Lowestoft-based students ‘inspired’ by special science show

PUBLISHED: 18:37 15 July 2011

Peter Joyce of PP science visits Denes High school, Lowestoft.

Peter Joyce of PP science visits Denes High school, Lowestoft.

Archant © 2011

HE has appeared in episodes of television series such as Minder and The Professionals in the 1980s.

But actor Peter Joyce had other laws in mind this week when he visited Lowestoft to bring the world of science alive for youngsters.

His entertaining one-man shows, which portray the lives of 
scientists Galileo and Sir Isaac Newton, were part of a series of educational lectures held at the Denes High School.

More than 800 Denes pupils attended the event on Wednesday and yesterday, and they were joined by pupils from middle schools and primary schools.

“With the schools organisational review taking place in the Lowestoft area this year, our school feels it is important to have a collaborative approach to events,” said Julie Mayo, the Denes High’s business and enterprise co-ordinator.

“As well as our own students being involved in the performances, and students from the middle schools, we have invited students from seven of the local primary schools over the course of the two-day visit, therefore many students will have this opportunity to participate in this exciting visit.”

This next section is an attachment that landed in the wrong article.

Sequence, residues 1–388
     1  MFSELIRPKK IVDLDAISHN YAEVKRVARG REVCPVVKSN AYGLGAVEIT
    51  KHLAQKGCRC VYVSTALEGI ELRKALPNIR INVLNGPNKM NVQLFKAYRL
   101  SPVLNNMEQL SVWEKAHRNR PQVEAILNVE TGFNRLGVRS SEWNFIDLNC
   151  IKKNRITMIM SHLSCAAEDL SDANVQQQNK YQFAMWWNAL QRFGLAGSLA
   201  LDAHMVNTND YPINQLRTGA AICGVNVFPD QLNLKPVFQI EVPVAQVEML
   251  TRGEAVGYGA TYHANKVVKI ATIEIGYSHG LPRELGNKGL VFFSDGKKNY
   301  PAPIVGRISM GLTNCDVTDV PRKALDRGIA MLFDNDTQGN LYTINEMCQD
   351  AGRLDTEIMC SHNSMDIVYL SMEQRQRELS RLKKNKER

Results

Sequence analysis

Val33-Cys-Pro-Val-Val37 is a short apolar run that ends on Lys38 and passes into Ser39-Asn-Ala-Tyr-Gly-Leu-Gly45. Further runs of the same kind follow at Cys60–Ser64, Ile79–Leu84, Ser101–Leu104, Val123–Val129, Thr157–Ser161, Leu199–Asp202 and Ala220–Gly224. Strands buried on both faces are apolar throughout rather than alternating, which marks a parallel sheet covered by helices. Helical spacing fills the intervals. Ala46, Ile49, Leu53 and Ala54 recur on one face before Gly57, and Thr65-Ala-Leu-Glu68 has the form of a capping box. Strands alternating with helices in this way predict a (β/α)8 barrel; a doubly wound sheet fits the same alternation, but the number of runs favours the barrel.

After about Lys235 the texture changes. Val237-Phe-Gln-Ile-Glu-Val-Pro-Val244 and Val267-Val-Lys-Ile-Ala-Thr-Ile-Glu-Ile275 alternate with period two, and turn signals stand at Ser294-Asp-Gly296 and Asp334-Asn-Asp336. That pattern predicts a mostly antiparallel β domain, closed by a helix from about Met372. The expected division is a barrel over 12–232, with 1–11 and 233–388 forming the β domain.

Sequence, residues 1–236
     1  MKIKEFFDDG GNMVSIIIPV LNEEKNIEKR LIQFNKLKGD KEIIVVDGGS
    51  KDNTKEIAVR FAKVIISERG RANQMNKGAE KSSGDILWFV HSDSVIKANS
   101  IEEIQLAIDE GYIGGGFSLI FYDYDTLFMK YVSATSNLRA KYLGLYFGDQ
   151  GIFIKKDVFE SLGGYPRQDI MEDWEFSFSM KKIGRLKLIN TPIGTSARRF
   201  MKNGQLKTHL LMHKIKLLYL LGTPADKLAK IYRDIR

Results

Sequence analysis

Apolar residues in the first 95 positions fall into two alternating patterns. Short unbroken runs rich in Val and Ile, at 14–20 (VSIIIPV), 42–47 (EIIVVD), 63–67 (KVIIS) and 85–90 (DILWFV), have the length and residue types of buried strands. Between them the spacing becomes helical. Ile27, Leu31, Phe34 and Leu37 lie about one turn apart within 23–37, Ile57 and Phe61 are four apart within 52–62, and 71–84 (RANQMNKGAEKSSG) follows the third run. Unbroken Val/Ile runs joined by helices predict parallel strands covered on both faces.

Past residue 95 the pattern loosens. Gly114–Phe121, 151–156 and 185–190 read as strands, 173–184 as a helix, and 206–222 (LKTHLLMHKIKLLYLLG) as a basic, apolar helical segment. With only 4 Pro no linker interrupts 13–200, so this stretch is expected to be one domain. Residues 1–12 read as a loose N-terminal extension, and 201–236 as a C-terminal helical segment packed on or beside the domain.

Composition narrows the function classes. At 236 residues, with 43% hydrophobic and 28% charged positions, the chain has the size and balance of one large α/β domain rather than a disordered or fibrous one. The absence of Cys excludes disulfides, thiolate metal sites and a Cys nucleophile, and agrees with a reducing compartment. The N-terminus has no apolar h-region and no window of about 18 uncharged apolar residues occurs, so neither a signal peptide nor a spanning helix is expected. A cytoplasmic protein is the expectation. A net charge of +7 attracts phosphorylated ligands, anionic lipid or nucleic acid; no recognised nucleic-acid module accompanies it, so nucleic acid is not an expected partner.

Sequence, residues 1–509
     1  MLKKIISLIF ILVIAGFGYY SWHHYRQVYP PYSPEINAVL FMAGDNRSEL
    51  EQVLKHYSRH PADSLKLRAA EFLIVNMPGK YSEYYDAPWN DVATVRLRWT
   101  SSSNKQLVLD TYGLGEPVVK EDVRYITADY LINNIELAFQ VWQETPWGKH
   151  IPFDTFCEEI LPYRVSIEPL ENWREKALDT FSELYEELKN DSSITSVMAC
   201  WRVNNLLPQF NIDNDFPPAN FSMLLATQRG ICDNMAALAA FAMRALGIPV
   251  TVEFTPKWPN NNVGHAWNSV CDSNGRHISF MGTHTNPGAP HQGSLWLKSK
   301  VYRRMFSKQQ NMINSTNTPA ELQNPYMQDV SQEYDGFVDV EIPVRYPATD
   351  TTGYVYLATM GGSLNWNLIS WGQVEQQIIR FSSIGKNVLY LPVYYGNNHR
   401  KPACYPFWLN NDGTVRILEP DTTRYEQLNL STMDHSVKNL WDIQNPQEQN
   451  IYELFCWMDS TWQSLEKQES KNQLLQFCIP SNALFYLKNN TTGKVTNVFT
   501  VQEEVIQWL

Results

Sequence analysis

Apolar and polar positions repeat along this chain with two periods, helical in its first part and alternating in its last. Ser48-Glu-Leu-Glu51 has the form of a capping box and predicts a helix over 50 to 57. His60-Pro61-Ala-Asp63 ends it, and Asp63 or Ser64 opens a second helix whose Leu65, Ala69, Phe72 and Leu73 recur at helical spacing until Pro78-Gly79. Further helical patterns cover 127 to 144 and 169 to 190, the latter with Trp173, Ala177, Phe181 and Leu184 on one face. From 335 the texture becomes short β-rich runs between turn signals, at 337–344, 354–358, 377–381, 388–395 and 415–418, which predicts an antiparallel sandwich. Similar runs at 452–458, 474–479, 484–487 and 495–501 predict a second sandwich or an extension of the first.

Dressed as the two great scientists, Mr Joyce delivered enthusiastic and interactive performances.

The visit was sponsored by the Cambridge and Great Eastern section of the Society of Chemical Industry (SCI), which agreed to sponsor the event to help popularise science and inspire students.

“Over the two days Peter Joyce portrayed Sir Isaac Newton, recounting his work on fluxions, the spectrum of colours, the reflecting telescope, gravity and other forces, while presenting a history of the exciting times in which he lived,” said Julie.

“As Galileo, he looked at his character, the movement of the pendulum and the measurement of time, the law of falling bodies and universal dynamics, to name but a few.”

Mr Joyce, who was formerly employed by the Royal Shakespeare Company and the Royal Society of Chemistry, has spent two years working for the National Trust as custodian of Woolsthorpe Manor, in Lincolnshire, where Sir Isaac was born in 1642.

The actor now divides his time between his two companies: Past Present Science, giving costumed lectures, and Assembled Stories, recording classical literature audio books in which he uses humour to enliven science.

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